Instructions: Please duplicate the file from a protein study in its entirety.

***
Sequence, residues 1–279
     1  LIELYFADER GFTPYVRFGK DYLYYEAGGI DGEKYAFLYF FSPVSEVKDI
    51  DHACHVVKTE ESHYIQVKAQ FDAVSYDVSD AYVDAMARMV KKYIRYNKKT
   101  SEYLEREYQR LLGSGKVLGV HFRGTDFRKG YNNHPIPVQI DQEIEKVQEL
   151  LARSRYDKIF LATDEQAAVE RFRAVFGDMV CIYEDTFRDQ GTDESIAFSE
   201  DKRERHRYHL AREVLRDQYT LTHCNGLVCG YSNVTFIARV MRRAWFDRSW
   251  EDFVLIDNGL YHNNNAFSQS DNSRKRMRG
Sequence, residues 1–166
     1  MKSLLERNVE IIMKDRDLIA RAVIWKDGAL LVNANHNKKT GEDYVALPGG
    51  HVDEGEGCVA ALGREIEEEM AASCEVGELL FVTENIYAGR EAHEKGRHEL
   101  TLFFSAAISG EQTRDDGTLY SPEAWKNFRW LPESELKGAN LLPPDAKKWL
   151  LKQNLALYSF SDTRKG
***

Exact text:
Sequence, residues 1–279
     1  LIELYFADER GFTPYVRFGK DYLYYEAGGI DGEKYAFLYF FSPVSEVKDI
    51  DHACHVVKTE ESHYIQVKAQ FDAVSYDVSD AYVDAMARMV KKYIRYNKKT
   101  SEYLEREYQR LLGSGKVLGV HFRGTDFRKG YNNHPIPVQI DQEIEKVQEL
   151  LARSRYDKIF LATDEQAAVE RFRAVFGDMV CIYEDTFRDQ GTDESIAFSE
   201  DKRERHRYHL AREVLRDQYT LTHCNGLVCG YSNVTFIARV MRRAWFDRSW
   251  EDFVLIDNGL YHNNNAFSQS DNSRKRMRG
Sequence, residues 1–166
     1  MKSLLERNVE IIMKDRDLIA RAVIWKDGAL LVNANHNKKT GEDYVALPGG
    51  HVDEGEGCVA ALGREIEEEM AASCEVGELL FVTENIYAGR EAHEKGRHEL
   101  TLFFSAAISG EQTRDDGTLY SPEAWKNFRW LPESELKGAN LLPPDAKKWL
   151  LKQNLALYSF SDTRKG